Creating a purpose-driven brand: How we can all take an example from H-E-B

by Khoros staff | Mar 01, 2021

We can all agree that having purpose, striving for purpose, and being purposeful has always been important. This isn’t something new — and it’s certainly not innovative. But the last year of uncertainty has shaken us to our core and reminded us of its importance.

Purpose is especially important to those of us in Texas right now. Because of recent *insert the word that shall not be named* events, too many of us are desperate to find some sense of purpose as we wrap our minds around what we’ve just been through. Reflecting on what happened, I’m filled with deep sadness, frustration and helplessness. But I’m also filled with awe and appreciation. Communities in Texas rallied — and are still rallying — to support one another in every way possible. It’s incredible to witness. And while many brands have come to our aid during yet another tough time, none have done it quite as well as Texas’s favorite grocery store, H-E-B.

The importance of purpose

Before I dig into how this one company truly lives its purpose at every single turn, let me take a moment to step back and touch on why purpose is so important.

In 2021, customers want and expect brands to appeal to them on a human level. In fact, in a recent study conducted by Khoros, 38% of customers said that if a brand is authentic or genuine in their interactions, they’re more likely to feel personally or emotionally connected to the brand. Likewise, a 2020 survey revealed that trust is the second-most important factor driving brand loyalty — behind only price. So, how can a brand be more human, authentic and genuine? How can it develop trust among consumers? The answer is to be purpose-driven.

To do this well, a brand has to understand several things: what’s going on in the world, what matters to their employee-base, and what their customers care about outside of brand services/offerings. From there, internal teams must align on what their audience needs most, what actions can best meet those needs, and how these actions ladder up into the broader company mission and vision. Ultimately, it’s about making the right impact so that all employees and customers feel connected and engaged.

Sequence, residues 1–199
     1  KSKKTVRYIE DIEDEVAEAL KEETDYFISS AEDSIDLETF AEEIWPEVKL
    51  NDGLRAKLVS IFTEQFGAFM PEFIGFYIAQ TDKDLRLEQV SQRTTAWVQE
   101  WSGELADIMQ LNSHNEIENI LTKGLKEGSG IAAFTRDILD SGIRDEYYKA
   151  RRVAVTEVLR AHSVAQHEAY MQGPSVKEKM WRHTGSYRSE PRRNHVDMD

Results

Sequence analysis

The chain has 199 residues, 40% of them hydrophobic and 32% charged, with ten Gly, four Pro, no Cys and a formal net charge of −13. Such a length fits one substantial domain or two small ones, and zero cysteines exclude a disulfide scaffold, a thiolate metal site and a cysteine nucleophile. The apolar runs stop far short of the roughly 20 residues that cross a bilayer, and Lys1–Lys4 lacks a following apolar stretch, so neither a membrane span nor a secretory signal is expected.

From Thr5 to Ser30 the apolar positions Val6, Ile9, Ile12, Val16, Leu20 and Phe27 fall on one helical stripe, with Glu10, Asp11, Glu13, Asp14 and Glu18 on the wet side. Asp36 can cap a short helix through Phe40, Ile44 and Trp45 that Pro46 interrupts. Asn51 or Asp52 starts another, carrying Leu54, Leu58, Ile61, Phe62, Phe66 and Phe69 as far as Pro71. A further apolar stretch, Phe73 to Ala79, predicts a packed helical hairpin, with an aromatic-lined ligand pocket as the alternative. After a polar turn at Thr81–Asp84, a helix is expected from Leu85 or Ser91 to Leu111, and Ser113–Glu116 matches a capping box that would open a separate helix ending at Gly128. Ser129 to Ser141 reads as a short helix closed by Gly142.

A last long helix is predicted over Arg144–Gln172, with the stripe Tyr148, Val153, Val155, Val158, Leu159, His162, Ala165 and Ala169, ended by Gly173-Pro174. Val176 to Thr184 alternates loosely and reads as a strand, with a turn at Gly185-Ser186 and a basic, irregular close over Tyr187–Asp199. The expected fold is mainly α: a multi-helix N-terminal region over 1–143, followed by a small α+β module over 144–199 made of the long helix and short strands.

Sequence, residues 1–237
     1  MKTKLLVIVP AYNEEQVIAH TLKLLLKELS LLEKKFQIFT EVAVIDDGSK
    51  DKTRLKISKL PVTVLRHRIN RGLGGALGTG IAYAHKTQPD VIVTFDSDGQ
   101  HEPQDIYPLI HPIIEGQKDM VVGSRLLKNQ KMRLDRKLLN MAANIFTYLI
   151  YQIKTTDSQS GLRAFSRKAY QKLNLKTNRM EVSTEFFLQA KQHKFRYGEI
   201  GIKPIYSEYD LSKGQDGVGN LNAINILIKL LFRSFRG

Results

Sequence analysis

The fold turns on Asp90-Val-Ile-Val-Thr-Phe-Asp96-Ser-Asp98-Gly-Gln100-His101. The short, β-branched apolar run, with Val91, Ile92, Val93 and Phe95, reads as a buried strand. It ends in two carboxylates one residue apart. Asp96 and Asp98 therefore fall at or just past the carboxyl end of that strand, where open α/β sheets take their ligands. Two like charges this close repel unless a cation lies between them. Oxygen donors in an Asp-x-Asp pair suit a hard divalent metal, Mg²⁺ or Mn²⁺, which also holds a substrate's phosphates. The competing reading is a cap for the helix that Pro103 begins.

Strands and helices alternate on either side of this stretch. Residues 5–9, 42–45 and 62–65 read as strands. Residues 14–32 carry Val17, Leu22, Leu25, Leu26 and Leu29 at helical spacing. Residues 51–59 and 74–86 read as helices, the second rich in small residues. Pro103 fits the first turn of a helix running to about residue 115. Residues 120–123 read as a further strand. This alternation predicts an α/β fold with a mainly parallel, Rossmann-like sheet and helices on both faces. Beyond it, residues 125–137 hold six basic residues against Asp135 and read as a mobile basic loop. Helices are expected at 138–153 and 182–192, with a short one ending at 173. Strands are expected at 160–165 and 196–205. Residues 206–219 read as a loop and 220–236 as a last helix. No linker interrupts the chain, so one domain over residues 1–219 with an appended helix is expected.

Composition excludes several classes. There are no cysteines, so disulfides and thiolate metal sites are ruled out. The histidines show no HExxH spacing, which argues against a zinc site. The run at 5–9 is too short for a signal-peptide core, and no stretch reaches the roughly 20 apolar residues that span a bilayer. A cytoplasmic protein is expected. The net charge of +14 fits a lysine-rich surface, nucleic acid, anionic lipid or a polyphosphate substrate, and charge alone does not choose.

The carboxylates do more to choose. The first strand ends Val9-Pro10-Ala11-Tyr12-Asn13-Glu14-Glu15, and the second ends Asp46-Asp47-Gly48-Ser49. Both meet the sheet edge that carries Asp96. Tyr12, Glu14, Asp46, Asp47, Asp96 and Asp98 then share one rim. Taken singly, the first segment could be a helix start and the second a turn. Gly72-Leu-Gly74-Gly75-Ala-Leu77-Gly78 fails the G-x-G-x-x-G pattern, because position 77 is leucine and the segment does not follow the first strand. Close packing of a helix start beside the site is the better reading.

In a recent Deloitte study, respondents were asked to share what they cared most about while making decisions about brands. The findings revealed that many consumers today make decisions based on how brands treat their staff, how they treat the environment and how they support the communities in which they operate. These are all important contributing factors to developing trust, and thus ultimately to brand loyalty.

It’s therefore no surprise that so many brands have reinvested energies and efforts into being more purpose-driven. What these brands have to remember is that purpose is not — and should never be — about the bottom line, selling a product or service, or even driving link clicks. The minute the conversation starts to move in the direction of dollars and cents, you’ve already missed the mark. Having purpose and being purposeful is about doing the right thing and then the next right thing and the next right thing. It’s that simple.

Sure. Yes. There are absolutely ways to measure the impact of a purpose-driven approach: NPS, customer retention, improved market share, etc. But the key word in that sentence is impact. Measure to understand if you’re making a difference. Don’t let your measure of success be determined by profit alone.